Innovation Profile 237

The weight of learning

A book weighing two pounds is 0.7% of the weight of an adult. It might be 1.5% of the weight of a child.

A satchel containing several books might amount to 5% or more of a child’s weight. No wonder it can appear that a child is being pulled over backwards by their satchel, as they make their way to school.

For a parent there is another problem with school books, which is the matter of getting them into their son or daughter’s satchel in the morning. Assuming of course that the book was exciting enough to be removed from the satchel the evening before.

What an improvement a small format PC would be. As this is likely to be the child’s route to their Bebo or MySpace account, as well as their school’s digital environment, it will not be misplaced or kicked under the bed. Neither will it be forgotten in the morning.

To an adult, learning is part of life, required for work or undertaken to support leisure activities. Too often for children learning is a separate part of life.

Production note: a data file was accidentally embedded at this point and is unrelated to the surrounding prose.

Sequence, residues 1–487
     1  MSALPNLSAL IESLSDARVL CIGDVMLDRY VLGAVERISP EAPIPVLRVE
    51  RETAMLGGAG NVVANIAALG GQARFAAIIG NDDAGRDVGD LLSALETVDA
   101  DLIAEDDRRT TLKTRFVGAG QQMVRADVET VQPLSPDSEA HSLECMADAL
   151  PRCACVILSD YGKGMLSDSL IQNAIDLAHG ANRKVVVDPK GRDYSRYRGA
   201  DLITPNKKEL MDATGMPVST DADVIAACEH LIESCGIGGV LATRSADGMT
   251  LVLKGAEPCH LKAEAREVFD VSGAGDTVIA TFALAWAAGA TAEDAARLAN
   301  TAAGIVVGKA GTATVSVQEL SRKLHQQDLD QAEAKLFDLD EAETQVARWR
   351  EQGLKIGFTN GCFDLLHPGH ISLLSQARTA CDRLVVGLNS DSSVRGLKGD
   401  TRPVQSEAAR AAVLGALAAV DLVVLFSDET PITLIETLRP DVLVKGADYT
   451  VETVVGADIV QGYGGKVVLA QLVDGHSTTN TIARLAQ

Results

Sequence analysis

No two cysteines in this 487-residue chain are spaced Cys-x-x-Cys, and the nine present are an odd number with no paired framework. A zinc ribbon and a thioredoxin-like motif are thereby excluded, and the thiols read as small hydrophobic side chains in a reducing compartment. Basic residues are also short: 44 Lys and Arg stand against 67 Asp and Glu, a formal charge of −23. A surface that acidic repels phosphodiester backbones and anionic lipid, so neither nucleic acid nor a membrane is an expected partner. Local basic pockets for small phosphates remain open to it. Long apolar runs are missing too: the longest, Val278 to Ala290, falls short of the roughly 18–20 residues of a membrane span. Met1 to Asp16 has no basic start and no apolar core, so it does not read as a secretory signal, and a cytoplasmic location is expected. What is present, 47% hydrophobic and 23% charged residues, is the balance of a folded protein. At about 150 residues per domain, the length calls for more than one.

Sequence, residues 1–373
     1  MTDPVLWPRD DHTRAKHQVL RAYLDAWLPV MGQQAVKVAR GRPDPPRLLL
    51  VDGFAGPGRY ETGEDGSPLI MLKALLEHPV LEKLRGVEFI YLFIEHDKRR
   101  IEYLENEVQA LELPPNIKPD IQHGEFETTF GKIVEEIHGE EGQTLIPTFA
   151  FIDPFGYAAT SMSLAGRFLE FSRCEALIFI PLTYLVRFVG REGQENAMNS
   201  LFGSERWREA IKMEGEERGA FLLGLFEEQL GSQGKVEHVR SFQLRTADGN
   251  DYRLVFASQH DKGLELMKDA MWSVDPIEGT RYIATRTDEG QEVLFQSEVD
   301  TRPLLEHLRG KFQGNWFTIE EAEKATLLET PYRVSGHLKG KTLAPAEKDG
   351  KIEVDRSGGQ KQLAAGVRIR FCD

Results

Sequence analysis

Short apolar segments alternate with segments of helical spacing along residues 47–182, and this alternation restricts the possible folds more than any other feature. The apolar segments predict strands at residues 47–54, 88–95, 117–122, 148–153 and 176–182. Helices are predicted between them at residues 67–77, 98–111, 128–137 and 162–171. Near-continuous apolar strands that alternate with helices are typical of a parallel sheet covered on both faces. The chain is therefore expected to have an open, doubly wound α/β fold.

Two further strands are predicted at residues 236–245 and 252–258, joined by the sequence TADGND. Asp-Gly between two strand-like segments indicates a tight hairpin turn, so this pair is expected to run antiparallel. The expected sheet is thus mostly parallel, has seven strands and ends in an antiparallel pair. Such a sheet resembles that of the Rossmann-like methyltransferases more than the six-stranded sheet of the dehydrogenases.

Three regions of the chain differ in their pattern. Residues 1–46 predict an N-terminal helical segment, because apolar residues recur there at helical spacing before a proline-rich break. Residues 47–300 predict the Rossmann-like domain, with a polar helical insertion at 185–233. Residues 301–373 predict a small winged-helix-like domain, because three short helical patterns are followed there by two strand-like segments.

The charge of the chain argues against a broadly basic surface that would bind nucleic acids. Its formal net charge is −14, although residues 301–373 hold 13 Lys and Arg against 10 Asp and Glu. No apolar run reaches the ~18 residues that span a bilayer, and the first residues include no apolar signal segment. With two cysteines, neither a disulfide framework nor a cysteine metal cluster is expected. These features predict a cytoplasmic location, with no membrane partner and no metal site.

Even if the school itself is seen as a place specifically for learning, rather than a place of enjoyable work and activity, there is no reason why this should be the case for the digital environment. Learning can be only a click away from leisure activities. Discussions with friends may seamlessly move between leisure and learning. The digital environment can be structured and designed to lure and guide young people to areas that promote engaging and profitable activity.

When laptops were the weight of several books, there was a case to be made that we should not ask children to lug laptops to and from, and around school. Now that a child’s computer can be less than the weight of a single book, it is hard to make the case that books should move from school to home and back again.


If you know of examples of innovative use of ICT-for-learning that others would be interested in, please email